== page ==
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weary warrior

A Living Sacrifice

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Alan asked if there were any more mission stories like "It's Not So Bad". I have this excerpt from my journal while in Papua New Guinea several years ago as a painfully young ex-cowboy called into the ministry.

 

A “Living” Sacrifice

    I came to a place of soul-searching in Papua New Guinea several years ago, and found myself at a point in my ministry where I desperately needed to come to some place of understanding regarding my duties as a servant of God, as opposed to my own personal view of my weak, limited abilities and obligations. With plenty of time on my hands during a rainy monsoon season, I became more reflective on my future work in Papua New Guinea in general, and my walk with God specifically.

    I could not say that I was pleased or satisfied with the current state of either one. Oh, I had no doubt at the time that I was in the center of God’s will. He called me to his service, told me exactly where to go to do this service, and made the way possible for it all to happen. Except, my thought ever since I had arrived had been “now what?”

    I had spent the previous six weeks telling God that I just can’t do this. I’m more than willing, I’m eager even. I just don’t even know where to begin starting a “Bible School”. I didn’t graduate from one myself, how can I start another? The textbook answer, of course, is that I don’t start one, God does. So I had been earnestly reminding God of His responsibilities, and asking Him to endow me with some sort of osmosis experience, so  that we could get on with this thing. Kind of like Solomon’s instant wisdom, I guess. I had been saying, “God, I am pretty near useless, so you will have to do this thing, and I will be a willing tool, if you will pick me up and use me”.

    Sounds pretty good, doesn’t it? Wrong. Aristotle said “all things in moderation”. This means that any thought, idea, or philosophy has to have a balance, and I had been just a little out of balance.

    I am a tool to be used of God, this is true. But I am not a hammer, or shovel, I am a living tool. I am not the plow turning the earth for the farmer, I am the draft horse pulling the plow. I am owned by the farmer, this is true. I am also willing, of my own free will, to plow the field for the farmer, any field He chooses, any time he chooses. But when my master picks a field, and indicates to me that he wishes for me to work that field, and He hooks me to the plow, He does not then pick me up and carry me down the field, dragging the plow. Of course not. I am expected to start walking at his signal, and if he wishes for me to stop, or change directions, he will let me know.

    The Apostle Paul did not say in Phil 4:13 that  “...God can do all things, using me as a mindless, soulless tool.” No, he said “ I can do all things, through Christ, which strenghteneth me.” As a man, one thing I despise above almost all else is someone else who will not accept responsibility for his own actions or condition. I am afraid that too many Christians, including myself, have been guilty of the same crime in the spiritual realm. Not accepting, or maybe just not understanding, our own responsibility.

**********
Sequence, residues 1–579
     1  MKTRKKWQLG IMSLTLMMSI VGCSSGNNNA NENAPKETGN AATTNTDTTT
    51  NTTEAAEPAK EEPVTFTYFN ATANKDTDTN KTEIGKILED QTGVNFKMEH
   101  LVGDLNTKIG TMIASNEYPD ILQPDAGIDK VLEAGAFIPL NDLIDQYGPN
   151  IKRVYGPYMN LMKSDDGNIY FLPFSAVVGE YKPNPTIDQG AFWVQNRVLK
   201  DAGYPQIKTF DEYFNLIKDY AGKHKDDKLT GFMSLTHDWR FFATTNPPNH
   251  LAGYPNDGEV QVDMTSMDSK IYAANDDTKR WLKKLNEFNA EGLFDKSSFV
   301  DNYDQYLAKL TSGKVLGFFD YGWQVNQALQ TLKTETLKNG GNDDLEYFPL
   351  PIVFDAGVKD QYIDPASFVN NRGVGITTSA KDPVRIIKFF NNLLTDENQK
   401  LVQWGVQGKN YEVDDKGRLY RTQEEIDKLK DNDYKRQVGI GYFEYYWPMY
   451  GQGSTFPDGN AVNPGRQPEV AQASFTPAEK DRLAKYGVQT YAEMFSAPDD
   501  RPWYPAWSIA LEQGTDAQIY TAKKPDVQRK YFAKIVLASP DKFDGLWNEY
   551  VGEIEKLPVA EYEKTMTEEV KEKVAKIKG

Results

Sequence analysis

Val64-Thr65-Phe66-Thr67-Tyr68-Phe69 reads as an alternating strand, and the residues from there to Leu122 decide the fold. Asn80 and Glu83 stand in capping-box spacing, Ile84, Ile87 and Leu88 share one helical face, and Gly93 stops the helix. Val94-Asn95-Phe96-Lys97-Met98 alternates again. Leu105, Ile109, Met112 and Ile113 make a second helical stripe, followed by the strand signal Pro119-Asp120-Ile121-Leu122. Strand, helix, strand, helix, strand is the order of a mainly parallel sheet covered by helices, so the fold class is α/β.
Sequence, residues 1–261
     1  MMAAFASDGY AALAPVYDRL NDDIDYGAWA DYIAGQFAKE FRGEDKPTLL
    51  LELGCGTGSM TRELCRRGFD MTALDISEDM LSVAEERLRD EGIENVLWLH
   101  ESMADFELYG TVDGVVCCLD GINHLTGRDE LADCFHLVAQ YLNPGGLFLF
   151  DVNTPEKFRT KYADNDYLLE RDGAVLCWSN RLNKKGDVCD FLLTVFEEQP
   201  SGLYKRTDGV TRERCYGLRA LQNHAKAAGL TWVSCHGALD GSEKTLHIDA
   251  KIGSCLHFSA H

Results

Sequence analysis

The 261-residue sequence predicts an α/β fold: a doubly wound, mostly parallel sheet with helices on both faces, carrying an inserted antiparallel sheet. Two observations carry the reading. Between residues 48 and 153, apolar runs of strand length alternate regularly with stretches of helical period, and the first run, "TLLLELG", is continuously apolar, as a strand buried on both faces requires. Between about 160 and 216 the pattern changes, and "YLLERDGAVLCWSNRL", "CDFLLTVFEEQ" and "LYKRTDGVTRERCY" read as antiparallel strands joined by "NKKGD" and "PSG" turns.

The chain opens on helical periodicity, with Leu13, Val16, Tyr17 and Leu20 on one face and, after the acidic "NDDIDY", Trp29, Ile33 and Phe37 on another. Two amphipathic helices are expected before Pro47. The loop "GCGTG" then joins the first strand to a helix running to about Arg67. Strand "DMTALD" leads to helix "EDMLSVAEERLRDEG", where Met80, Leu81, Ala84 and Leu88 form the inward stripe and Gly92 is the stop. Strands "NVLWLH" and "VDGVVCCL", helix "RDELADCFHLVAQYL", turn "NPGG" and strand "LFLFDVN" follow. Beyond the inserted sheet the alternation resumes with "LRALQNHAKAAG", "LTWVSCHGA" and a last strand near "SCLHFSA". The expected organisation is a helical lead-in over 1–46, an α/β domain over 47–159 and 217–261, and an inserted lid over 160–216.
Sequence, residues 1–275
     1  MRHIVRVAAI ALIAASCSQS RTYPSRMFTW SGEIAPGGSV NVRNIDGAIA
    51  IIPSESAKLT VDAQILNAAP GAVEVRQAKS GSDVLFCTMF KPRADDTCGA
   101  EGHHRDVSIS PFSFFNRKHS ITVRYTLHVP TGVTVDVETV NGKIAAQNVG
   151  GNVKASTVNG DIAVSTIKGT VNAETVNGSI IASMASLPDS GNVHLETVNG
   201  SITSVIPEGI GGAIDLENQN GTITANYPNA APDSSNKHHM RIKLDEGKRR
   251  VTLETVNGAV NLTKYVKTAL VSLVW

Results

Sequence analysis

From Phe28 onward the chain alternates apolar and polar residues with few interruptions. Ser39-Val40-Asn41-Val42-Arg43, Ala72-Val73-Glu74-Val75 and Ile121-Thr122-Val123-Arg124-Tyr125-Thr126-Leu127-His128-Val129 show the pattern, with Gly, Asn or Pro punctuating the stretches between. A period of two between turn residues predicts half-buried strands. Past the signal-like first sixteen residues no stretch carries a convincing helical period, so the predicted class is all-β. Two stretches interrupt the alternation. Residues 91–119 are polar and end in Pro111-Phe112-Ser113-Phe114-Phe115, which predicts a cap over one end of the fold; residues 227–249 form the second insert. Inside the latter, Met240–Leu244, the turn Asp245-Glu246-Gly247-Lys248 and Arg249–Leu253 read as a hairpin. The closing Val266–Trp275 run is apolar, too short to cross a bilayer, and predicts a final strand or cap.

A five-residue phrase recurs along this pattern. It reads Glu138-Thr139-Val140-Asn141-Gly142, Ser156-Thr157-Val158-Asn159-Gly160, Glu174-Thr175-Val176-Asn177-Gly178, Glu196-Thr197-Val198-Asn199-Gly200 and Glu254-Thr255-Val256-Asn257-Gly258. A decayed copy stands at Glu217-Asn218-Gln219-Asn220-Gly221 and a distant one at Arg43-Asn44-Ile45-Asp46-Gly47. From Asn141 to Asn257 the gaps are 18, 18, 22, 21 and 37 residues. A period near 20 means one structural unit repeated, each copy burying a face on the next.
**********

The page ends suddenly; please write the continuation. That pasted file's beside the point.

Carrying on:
I had eagerly grasped the concept of a sacrifice in Romans 12:1, but I had left out the “living” part. If I could become dead enough, it wouldn’t be my fault if things went wrong. You don’t blame the shovel for cutting the phone line, you blame the shovel operator. However, the only thing the Bible commands us to be dead to are the world, self and sin, and usually these are all synonymous.

    The draft animal that is not an unquestioning subjection to his master is not very useful. I have worked with mules and horses of this type many times, and I would just as soon grind them up and feed ‘em to a good set of hunting dogs. But a mule who is perfectly willing to obey man, but is afraid to move out of his tracks because he doesn’t understand the science of cultivation, is no more useful than the rebel is. I will not teach a pack mule the practical usage for every item I have packed on his back, nor will I draw him a map of where we are going to go. If he is a good, willing mule, and understands simply that I want him to carry something, I will load him with what I wish him to carry, and I will start off down the trail. He will follow, willingly doing his own work, as he knows it, according to my will. If I think he needs to know more, I will decide this and teach him more later. But he does have to walk. I’ll not carry him. He has no worries about my wanting him to do anything different than what he is now doing. His faith is in believing that I will direct him to do something different if I wish for him to do so. Until then he will do what I ask.

    I had been worrying too much about the future, figuring that once I learned the language, I could still do nothing until God miraculously changed me some how, giving me more knowledge, more leadership ability, more organizational and administrative skills by some sort of divine intervention. The master had been clucking at me to move all along, and I had been eyeing the field, trying to figure out the science of it all. I just need to step out, and my Master, who owns the field, can direct the moving. You can’t direct a lack of motion.

 

Alan, I hope this answers...

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